CHARLESTON, W.Va. -- A legislatively mandated study of caseloads for county magistrates is underway, but Supreme Court Administrator Steve Canterbury warned Monday that its findings could be politically charged.
Historically, Canterbury noted, magistrates have been placed in counties not necessarily because of caseload demands but "essentially by the strongest people in the Legislature."
As required by legislation passed this year equalizing pay for magistrates in smaller counties at $57,500, the National Center for State Courts is measuring caseloads for the state's 158 magistrates.
"[The center is] not politically plugged in. They're just as factual as they can be," Canterbury told a legislative interim committee. "They could determine that a county basis is a bad basis for having magistrates."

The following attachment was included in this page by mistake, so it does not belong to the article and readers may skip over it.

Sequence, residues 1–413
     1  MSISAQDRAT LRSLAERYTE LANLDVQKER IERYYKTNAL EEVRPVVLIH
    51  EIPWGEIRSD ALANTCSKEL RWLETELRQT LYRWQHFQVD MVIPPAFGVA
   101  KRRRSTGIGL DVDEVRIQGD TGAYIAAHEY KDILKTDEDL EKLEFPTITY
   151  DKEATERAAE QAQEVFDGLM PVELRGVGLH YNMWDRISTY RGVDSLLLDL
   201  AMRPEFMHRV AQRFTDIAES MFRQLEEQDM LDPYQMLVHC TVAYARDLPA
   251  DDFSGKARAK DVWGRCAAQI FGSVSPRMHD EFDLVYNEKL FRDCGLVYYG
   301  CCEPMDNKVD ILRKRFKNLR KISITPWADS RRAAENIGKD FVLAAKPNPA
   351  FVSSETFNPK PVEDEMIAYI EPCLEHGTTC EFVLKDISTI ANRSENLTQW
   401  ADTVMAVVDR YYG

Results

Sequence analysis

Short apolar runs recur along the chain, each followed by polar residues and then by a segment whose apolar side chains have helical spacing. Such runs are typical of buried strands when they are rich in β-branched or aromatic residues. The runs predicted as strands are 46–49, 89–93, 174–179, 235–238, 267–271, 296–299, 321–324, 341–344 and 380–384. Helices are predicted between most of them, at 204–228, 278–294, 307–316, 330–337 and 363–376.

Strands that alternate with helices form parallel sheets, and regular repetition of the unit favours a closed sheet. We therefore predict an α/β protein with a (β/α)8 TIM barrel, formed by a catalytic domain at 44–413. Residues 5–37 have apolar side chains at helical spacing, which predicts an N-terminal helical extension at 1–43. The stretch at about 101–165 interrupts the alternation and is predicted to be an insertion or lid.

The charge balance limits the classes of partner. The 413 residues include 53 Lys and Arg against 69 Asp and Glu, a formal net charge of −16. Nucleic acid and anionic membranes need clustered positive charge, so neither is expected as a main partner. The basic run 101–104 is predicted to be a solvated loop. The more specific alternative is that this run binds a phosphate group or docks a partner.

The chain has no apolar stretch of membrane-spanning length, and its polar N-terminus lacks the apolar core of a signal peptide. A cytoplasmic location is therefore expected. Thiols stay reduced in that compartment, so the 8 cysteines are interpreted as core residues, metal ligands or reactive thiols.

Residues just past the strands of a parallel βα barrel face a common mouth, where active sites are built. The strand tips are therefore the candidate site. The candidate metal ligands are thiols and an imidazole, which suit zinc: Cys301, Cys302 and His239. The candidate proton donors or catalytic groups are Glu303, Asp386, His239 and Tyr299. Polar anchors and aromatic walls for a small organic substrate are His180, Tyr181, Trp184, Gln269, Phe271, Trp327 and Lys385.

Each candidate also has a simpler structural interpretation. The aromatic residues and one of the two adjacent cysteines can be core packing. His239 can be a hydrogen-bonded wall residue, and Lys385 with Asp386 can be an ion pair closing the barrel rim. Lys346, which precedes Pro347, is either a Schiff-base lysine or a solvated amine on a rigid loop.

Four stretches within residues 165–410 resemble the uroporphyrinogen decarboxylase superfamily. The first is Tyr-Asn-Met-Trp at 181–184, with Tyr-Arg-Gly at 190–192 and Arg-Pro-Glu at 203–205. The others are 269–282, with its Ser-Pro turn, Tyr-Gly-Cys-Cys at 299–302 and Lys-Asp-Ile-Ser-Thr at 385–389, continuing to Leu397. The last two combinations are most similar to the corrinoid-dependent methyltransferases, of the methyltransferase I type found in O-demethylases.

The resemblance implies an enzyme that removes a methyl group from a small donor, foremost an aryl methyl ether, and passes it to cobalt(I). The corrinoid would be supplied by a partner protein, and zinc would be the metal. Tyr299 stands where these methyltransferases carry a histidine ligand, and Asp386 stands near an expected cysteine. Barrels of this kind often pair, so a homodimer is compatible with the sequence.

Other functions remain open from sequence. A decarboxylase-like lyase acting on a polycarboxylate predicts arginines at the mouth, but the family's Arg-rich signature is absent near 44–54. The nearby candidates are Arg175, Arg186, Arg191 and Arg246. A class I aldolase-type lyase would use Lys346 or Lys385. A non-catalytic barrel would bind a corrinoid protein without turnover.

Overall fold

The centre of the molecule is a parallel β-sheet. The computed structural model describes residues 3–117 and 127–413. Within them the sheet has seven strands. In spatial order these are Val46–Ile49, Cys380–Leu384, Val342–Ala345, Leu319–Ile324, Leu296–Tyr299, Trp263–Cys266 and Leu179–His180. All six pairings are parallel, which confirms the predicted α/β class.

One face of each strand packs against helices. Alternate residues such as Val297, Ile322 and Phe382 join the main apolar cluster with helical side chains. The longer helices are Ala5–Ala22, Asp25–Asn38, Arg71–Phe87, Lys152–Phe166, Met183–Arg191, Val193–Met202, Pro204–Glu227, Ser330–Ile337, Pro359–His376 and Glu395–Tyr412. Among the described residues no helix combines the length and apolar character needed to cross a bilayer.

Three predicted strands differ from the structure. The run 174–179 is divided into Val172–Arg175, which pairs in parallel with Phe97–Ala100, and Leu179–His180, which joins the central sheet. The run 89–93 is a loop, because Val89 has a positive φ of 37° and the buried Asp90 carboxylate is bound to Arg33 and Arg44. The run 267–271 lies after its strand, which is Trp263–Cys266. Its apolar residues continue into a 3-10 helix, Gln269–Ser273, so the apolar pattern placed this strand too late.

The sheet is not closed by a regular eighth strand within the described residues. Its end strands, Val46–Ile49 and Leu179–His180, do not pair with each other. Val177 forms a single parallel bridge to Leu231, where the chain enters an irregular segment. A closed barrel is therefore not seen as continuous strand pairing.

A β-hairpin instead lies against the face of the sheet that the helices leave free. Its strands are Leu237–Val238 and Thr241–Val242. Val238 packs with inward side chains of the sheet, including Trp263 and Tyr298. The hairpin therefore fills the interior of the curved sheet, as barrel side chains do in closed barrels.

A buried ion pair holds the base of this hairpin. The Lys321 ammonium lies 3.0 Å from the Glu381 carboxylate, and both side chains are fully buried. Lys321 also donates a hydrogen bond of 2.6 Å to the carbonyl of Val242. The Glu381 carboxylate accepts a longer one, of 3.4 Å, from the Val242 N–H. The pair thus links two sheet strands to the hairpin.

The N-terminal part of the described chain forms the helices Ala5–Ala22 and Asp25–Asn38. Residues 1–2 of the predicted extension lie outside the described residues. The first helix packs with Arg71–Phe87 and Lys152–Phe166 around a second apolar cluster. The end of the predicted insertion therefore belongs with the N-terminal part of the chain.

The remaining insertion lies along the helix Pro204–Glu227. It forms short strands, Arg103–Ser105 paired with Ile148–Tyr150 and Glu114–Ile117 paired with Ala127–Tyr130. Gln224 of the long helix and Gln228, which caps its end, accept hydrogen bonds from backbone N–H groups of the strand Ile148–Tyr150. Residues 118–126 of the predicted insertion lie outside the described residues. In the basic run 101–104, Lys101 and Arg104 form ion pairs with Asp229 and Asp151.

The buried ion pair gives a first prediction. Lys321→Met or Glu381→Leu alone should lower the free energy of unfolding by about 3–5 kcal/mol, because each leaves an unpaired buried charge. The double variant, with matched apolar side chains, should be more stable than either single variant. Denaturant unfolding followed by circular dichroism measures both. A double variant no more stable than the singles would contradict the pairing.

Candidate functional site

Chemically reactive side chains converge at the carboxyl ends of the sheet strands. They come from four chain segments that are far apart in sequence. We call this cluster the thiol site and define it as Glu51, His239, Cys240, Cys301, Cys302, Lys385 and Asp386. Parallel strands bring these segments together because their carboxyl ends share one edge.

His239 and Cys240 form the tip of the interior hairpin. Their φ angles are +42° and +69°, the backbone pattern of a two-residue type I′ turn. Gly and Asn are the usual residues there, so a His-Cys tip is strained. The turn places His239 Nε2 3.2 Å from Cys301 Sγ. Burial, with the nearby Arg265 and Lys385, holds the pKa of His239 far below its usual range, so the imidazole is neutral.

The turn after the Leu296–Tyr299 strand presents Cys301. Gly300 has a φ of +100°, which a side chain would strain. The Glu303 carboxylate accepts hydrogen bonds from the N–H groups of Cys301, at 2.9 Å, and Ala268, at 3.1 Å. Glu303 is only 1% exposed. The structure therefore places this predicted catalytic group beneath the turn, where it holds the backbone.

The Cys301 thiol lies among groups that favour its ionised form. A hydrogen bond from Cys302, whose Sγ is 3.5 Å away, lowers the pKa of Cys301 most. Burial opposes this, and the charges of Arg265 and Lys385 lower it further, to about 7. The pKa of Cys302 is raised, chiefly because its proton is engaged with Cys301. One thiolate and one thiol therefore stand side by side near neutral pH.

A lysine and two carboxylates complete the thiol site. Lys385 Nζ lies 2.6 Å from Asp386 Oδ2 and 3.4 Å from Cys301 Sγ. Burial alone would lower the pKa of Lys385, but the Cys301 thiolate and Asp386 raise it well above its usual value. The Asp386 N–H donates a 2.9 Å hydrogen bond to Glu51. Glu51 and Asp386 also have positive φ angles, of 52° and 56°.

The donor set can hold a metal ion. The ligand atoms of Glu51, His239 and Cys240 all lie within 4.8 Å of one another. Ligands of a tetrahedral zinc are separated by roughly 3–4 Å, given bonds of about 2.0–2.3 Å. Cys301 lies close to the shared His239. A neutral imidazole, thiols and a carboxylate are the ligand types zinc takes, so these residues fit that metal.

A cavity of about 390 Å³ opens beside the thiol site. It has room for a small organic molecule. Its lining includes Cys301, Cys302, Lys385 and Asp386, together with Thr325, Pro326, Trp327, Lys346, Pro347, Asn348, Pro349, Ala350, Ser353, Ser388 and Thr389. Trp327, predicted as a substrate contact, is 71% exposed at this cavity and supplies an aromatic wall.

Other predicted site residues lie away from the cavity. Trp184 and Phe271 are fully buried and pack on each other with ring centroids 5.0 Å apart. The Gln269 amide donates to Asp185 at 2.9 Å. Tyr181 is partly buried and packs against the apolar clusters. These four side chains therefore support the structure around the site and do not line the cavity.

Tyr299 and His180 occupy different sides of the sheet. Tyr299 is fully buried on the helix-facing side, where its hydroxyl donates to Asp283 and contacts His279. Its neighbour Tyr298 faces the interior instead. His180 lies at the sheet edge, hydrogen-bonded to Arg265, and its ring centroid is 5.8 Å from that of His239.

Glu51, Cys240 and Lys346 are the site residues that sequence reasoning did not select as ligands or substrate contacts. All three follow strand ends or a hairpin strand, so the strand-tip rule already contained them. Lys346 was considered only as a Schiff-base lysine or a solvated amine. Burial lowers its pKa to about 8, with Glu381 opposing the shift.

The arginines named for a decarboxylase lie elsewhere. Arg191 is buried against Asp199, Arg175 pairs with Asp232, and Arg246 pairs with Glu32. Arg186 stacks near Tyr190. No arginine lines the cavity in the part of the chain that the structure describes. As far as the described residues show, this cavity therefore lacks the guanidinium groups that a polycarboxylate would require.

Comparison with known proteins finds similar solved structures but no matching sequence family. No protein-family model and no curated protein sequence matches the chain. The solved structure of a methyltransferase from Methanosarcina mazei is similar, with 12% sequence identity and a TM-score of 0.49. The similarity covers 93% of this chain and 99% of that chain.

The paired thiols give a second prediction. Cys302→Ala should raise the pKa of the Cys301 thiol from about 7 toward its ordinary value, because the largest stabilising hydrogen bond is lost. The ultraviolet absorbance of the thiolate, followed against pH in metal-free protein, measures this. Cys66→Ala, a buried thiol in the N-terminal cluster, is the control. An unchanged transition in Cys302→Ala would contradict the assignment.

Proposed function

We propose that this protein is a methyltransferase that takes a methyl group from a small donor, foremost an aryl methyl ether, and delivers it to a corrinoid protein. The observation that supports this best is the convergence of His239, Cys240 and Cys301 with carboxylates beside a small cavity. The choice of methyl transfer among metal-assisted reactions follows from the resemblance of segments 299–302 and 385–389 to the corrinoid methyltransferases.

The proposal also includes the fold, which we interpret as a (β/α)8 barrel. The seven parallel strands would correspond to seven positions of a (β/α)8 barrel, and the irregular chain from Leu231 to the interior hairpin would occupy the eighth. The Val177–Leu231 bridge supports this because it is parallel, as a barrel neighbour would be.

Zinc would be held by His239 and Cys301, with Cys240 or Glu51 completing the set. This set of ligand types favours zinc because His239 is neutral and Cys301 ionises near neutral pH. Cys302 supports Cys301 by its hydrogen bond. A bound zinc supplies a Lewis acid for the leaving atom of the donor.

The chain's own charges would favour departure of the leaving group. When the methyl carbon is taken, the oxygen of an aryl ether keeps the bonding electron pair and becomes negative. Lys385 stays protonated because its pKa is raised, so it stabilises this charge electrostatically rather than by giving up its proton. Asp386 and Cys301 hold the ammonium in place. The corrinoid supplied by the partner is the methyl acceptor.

Currently, each county has at least two magistrates. Kanawha County has the most, at 10. Proponents of the legislation giving 48 magistrates pay raises of $6,375 argued that small-county magistrates may have higher caseloads than counterparts in larger counties and are always either on duty or on call.
Besides analyzing historical data -- in 2011, magistrates handled more than 325,000 cases, ranging from traffic violations to felony charges; 2012 data is to be available shortly -- the study also will require magistrates to keep a log of all cases and work-related activity for two weeks this fall.
Canterbury said the NCSC could conclude that assigning magistrates by county isn't the most efficient system, particularly since the state's jail system is regionalized, with 10 jails statewide.
Sen. Brooks McCabe, D-Kanawha, said the Legislature is obligated to develop the most-efficient and cost-effective court system possible.